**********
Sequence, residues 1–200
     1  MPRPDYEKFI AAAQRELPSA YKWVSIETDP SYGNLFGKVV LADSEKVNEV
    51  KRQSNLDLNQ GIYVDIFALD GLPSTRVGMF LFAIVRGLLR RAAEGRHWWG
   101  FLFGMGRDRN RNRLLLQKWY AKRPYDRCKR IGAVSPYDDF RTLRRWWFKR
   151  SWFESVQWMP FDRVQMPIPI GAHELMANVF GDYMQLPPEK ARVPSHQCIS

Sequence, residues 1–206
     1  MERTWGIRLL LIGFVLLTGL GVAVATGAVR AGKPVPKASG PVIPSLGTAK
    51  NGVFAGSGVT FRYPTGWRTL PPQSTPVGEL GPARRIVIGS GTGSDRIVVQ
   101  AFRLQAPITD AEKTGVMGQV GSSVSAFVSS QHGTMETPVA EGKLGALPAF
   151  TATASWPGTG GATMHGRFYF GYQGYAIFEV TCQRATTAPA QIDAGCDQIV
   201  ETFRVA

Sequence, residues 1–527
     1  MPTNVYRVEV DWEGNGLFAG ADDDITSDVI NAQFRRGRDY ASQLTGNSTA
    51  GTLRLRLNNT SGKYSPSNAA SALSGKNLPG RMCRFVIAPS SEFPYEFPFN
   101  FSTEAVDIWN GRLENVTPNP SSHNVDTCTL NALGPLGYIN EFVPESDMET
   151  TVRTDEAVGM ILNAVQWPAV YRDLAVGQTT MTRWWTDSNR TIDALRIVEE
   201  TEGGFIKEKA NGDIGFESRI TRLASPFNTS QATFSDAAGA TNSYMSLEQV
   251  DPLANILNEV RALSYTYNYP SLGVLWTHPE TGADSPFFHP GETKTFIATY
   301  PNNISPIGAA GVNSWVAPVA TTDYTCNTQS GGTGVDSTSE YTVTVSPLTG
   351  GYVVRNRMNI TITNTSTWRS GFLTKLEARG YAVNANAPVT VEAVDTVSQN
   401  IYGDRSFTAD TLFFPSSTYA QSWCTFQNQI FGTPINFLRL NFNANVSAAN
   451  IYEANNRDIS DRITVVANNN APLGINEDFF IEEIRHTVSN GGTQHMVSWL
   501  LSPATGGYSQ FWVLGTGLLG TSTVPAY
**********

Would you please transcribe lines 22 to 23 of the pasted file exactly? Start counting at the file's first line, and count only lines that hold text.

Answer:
   451  IYEANNRDIS DRITVVANNN APLGINEDFF IEEIRHTVSN GGTQHMVSWL
   501  LSPATGGYSQ FWVLGTGLLG TSTVPAY